For the first three weeks of June 2018, I embarked on a trip through Europe which was planned as an extension of the work I produced for my senior capstone. I traveled to Tampere, Finland for the 32nd International Hegel Congress and then visited art institutions in Berlin, Paris, and London.
My capstone, a paper on the linkage between G.W.F. Hegel’s aesthetic philosophy and the conception of the modern (specifically in painting), jolted my curiosity on two fronts: I wanted to hear and participate in contemporary discussions of Hegel’s corpus and I wanted to confront the painting I chose as the example for my capstone, Édouard Manet’s Olympia, in person. So, with a boost from the ELOA I traveled to Finland for the 32nd International Hegel Congress which had Hegel’s ‘encyclopaedic system’ as its theme.
I was already somewhat familiar with Part I of Hegel’s “Encylopedia of the Philosophical Sciences in Basic Outline”, which stands as a sort of handbook for the larger, more demanding “Science of Logic”. The work I completed for my thesis was supportive in taking in all of the Hegelian jargon one is to expect at a Hegel conference. The conference itself was a fantastic opportunity to see exactly how professors and students alike share their work and offer it up for critique. The attendees (mainly professors, doctoral and post-doctoral students) numbered somewhere around 150-200. It was definitely a good turn-out in Tampere, Finland’s “second city” about two hours north of Helsinki where the sun never truly sets in the summertime and social welfare is a main political concern. Many keynote papers were given by esteemed professors and time was alotted for parallel sessions where graduate scholars shared their own work.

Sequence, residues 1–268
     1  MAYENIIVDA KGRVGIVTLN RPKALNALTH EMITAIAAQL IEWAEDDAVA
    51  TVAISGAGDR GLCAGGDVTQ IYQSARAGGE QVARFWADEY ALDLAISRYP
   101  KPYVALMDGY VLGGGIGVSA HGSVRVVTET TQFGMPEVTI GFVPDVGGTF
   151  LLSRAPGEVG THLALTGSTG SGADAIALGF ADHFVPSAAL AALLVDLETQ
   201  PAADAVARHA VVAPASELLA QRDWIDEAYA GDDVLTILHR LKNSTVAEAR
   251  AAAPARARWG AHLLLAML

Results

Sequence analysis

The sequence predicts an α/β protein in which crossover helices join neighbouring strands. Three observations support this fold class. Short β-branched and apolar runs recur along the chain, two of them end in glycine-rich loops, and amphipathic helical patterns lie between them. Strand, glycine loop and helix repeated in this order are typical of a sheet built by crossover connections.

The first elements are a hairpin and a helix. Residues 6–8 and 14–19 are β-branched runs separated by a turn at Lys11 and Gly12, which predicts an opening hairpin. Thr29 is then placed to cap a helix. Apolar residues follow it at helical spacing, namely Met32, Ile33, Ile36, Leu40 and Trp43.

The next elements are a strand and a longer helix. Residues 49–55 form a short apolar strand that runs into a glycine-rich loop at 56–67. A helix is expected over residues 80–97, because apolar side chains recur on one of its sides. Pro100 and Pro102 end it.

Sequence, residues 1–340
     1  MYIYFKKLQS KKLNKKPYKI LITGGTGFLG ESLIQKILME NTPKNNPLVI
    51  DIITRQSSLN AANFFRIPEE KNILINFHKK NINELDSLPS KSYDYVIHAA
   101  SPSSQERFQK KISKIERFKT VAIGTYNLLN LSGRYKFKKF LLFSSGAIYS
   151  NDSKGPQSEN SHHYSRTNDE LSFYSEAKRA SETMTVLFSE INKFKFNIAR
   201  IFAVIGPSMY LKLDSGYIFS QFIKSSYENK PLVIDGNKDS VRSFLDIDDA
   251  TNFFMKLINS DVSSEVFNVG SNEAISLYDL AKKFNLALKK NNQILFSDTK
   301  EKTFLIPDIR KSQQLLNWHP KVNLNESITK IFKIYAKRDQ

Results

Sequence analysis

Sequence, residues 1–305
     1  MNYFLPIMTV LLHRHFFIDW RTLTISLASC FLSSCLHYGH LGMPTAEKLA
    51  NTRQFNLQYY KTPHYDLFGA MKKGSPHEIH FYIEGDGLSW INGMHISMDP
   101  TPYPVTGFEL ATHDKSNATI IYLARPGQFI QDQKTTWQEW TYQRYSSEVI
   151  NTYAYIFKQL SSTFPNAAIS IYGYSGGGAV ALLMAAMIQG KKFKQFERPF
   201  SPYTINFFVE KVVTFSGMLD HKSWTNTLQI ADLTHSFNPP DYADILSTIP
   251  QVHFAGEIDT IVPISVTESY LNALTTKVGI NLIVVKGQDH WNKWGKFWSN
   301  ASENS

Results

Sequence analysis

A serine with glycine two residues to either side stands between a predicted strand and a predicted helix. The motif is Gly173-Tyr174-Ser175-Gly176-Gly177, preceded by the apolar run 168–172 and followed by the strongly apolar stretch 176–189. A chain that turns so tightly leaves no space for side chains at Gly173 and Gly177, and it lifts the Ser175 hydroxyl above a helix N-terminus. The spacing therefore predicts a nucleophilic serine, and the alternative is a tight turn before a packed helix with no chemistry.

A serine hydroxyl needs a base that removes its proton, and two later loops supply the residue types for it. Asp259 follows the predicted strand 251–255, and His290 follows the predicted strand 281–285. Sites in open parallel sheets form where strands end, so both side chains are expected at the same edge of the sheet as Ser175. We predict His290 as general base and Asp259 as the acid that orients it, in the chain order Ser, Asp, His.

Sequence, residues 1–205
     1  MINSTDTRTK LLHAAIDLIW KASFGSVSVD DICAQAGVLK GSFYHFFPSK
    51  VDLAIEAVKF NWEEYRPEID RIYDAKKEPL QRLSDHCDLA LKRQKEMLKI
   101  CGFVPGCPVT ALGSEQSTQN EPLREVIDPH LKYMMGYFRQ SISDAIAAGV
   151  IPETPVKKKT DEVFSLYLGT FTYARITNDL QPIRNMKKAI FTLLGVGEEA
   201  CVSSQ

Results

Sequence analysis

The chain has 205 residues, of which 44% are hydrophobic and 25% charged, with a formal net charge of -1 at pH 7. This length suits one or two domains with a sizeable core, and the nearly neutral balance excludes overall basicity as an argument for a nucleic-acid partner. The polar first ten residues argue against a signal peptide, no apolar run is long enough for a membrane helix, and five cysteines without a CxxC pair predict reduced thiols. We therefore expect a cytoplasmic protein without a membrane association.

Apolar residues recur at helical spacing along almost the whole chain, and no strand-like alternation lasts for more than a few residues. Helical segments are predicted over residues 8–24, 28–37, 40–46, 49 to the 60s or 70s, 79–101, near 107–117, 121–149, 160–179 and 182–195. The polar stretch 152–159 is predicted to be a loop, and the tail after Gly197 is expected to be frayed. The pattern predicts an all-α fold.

Following my stay in Tampere, I flew across the Baltic Sea to Berlin and began the second part of my trip where I sought to understand the European museum and the relational structures which under-gird the institution and its collected artworks. The Hamburger Bahnhof, the Pergamon Museum and Neues Museum on Museumsinsel, and the Martin-Gropius-Bau were some of the stops I made in Germany’s capital.
From Berlin I flew to Paris, where my main task of visiting Olympia at the Musée d’Orsay was supplemented by visits to Centre Pompidou, Musée du Louvre, Musée national Picasso-Paris, Musée Rodin, and Fondation Louis Vuitton. Seeing Manet’s painting in person did not defy my expectations. It looked as I imagined it would look; it is a painting, not small, not particularly large. But looking up close at Manet’s rough brushstrokes and the details which reveal themselves in close-viewing was a great experience. The painting itself is placed in a gallery on the ground floor of the Musée d’Orsay far back from the entrance. Not difficult to get to, but definitely a place for the artwork that may require some directions (also since other Manet paintings including his Le Déjeuner sur l’herbe are displayed on the top floor of the museum). Olympia is positioned alongside other paintings by Manet and next to a set of stairs which lead to the paintings of other contemporary Salon artists whose work, seen after encountering Olympia, underlines how truly different Manet’s painting was from the academic, widely-received paintings of the time. The curatorial decision to give Olympia its own space away from its contemporaries may just be one which leaves room for tourists to hover around the famous painting, or the sheer difference between Olympia and the kitschy academicism of 1860s Salon painting may afford Manet’s artwork its own domain.
The last leg of the trip was spent in London where the museum-going continued at the National Gallery, Tate Modern, Tate Britain, Whitechapel Gallery, and private gallery, White Cube.
Being present for the exchange and presentation of ideas and artworks at both the Hegel conference and the various European art museums was a rewarding experience which will surely influence the academic/non-academic work I intend to produce in the future.